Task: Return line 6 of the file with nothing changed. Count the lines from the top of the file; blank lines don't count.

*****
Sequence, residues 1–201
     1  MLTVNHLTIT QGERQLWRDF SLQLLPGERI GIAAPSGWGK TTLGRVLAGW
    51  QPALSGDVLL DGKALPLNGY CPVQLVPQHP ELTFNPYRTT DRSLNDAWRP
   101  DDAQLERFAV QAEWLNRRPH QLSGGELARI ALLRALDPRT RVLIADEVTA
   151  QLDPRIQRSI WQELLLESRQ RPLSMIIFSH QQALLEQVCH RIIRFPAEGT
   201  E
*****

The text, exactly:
   201  E